The real value of study abroad isn’t that it can transform individual lives, it’s that study abroad can transform all of our lives.
Study abroad transforms lives by increasing awareness and empathy. Successful programs, like the Kennedy-Lugar Youth Exchange and Study (YES) Program, begin this transformation during the pre-departure orientations. YES students coming from 40 countries with significant Muslim populations to the United States for an exchange experience are well prepared. Their orientation topics have included: how to be a young ambassador, bullying, financial management, media relations, law enforcement, volunteerism, privacy, religious beliefs, and race relations. Each topic addressed builds awareness and empathy.
The 11th cohort of more than 800 YES students will arrive next month to a country engaged in recently intensified national dialogue on race relations. These remarks by President Obama on Trayvon Martin are extraordinary for their awareness and empathy, and relevant for YES students:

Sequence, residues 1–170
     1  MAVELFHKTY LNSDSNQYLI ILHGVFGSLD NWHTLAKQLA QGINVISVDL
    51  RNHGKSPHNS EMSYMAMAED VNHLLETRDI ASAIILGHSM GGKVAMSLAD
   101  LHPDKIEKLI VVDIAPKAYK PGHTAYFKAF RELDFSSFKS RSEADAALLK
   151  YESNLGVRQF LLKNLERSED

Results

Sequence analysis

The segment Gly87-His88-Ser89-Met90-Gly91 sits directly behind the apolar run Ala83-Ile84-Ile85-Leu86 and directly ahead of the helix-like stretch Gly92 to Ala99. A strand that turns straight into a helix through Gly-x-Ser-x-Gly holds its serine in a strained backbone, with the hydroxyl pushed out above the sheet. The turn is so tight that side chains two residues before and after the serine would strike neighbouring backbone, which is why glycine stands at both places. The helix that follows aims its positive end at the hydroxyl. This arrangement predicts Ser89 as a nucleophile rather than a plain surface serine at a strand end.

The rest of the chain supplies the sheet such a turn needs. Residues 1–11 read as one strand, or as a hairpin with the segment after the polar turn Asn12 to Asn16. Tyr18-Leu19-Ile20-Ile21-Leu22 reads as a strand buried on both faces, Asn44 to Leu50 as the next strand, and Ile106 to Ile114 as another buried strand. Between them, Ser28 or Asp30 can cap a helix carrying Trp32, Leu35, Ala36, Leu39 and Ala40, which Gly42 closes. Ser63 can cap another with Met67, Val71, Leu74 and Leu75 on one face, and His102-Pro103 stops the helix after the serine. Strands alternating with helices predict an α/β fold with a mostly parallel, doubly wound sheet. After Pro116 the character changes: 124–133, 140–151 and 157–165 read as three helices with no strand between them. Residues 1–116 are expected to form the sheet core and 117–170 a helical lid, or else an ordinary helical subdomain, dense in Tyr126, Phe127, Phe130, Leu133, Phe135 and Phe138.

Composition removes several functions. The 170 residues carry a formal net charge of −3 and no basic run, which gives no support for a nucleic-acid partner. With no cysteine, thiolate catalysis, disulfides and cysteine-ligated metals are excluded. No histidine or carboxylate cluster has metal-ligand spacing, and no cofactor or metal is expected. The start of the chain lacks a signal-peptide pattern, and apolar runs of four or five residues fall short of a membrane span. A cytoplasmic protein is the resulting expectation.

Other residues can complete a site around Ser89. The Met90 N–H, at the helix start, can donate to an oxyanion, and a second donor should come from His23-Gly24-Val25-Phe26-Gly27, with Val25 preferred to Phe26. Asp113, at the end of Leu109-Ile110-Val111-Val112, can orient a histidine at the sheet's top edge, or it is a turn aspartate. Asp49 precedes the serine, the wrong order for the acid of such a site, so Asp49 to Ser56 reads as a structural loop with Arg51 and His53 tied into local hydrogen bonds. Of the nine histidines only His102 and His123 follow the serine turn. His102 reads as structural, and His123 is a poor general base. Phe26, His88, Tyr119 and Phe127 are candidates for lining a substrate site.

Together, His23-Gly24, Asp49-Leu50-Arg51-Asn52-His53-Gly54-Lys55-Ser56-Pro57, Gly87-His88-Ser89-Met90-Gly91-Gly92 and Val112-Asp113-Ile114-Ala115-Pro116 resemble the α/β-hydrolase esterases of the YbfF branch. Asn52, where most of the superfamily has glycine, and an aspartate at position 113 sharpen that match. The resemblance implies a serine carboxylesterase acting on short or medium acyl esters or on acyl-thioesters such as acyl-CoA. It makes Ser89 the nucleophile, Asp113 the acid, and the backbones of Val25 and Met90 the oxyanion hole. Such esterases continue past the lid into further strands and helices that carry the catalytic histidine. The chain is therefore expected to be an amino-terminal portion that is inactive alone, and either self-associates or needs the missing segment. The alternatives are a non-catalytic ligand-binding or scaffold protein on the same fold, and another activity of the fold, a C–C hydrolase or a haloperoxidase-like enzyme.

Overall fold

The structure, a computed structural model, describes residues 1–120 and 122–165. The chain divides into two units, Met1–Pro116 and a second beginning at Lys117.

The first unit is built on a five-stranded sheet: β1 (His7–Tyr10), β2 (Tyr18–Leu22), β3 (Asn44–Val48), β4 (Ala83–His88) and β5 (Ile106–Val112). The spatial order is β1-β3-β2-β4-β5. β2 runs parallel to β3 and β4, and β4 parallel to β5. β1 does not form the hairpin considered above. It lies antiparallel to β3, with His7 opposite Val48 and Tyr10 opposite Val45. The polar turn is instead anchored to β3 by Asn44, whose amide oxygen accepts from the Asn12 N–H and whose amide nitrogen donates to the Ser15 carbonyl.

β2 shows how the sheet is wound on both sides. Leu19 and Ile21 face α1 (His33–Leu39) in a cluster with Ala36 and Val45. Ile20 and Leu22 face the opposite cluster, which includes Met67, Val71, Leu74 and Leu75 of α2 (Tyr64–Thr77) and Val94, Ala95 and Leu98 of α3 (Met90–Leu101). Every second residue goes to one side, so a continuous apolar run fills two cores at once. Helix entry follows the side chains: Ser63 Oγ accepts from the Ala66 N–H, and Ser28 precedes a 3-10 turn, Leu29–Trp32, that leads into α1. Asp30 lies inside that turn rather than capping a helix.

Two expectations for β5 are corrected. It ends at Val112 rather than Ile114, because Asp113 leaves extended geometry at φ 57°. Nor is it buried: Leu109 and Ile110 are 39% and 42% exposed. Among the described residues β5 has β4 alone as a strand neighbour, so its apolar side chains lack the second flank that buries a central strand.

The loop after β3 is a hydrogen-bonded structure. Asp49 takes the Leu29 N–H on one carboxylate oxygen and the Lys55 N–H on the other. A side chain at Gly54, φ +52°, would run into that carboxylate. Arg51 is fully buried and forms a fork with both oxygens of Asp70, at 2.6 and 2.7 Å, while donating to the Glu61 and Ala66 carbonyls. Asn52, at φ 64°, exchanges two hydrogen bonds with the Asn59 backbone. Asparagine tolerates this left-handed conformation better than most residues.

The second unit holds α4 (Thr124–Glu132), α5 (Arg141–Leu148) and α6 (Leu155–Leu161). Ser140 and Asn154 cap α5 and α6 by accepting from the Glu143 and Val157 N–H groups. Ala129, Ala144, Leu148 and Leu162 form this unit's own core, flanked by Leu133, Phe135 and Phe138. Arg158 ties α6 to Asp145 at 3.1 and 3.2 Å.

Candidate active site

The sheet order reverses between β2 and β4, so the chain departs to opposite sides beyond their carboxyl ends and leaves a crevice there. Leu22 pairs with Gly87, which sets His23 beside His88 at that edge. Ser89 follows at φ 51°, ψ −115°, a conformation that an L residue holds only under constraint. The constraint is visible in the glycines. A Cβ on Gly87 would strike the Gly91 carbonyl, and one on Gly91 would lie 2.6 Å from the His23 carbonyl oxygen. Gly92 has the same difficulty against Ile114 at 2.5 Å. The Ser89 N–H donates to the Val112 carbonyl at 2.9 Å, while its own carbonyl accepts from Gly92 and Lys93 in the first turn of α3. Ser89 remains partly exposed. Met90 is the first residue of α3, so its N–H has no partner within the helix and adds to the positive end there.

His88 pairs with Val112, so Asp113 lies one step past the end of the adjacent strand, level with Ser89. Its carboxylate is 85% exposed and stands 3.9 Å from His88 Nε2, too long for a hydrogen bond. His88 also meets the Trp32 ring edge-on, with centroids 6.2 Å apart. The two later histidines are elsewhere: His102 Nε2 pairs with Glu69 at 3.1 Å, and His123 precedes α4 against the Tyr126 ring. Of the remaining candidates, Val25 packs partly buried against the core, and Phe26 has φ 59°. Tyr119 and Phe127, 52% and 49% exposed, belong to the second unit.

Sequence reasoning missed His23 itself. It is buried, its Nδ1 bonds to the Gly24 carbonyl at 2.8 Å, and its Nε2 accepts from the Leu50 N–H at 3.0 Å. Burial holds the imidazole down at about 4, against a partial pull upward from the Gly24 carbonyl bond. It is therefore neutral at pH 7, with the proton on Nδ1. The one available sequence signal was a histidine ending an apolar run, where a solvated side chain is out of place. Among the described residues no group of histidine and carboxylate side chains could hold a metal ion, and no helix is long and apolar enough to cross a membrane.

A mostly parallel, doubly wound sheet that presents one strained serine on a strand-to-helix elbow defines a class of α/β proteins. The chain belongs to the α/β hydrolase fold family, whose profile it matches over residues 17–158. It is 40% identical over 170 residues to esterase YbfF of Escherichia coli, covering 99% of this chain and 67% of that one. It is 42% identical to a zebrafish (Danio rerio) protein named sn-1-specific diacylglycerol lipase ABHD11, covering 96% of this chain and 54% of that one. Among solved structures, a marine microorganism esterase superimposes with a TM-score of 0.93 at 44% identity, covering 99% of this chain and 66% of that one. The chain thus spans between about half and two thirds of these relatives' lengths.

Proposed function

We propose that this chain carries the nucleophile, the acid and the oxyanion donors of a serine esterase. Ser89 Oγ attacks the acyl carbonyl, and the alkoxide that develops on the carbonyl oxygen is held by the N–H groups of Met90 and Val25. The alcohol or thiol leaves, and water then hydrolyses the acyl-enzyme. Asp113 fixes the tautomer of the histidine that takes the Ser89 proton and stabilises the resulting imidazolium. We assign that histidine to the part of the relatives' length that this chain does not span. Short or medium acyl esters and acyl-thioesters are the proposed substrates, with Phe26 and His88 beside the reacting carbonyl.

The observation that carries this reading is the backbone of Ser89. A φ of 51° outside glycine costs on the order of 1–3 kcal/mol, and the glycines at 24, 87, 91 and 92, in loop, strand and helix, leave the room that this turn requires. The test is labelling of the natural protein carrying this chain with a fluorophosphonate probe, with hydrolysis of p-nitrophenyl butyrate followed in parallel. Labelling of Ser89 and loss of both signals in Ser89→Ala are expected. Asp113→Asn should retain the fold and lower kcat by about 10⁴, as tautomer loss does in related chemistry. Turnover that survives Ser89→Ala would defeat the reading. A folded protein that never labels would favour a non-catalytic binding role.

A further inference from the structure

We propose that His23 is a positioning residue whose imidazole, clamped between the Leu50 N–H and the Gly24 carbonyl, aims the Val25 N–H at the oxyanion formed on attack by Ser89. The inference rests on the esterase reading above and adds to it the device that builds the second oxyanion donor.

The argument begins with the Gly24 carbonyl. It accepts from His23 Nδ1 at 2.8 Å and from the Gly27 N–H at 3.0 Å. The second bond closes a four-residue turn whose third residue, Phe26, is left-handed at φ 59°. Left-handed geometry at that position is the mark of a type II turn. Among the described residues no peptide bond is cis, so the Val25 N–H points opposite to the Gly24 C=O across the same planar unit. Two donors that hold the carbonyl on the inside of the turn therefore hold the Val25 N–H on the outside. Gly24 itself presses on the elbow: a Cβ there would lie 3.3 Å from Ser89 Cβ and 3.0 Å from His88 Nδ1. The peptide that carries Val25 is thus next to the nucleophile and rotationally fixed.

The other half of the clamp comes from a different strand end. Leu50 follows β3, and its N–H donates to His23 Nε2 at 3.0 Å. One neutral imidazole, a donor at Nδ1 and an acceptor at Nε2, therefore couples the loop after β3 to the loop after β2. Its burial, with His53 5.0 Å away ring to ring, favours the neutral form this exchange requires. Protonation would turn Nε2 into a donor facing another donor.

There are very few African American men in this country who haven’t had the experience of being followed when they were shopping in a department store. That includes me. There are very few African American men who haven’t had the experience of walking across the street and hearing the locks click on the doors of cars. That happens to me — at least before I was a senator. There are very few African Americans who haven’t had the experience of getting on an elevator and a woman clutching her purse nervously and holding her breath until she had a chance to get off. That happens often.
We need more extraordinary young people from around the world in the day in, day out of our daily lives. We need more cross-cultural exchange programs, more meaningful international experiences from underserved communities of learners, and more awareness and empathy from our leaders and policy-makers. The investment in YES and other innovative study abroad programs is critical.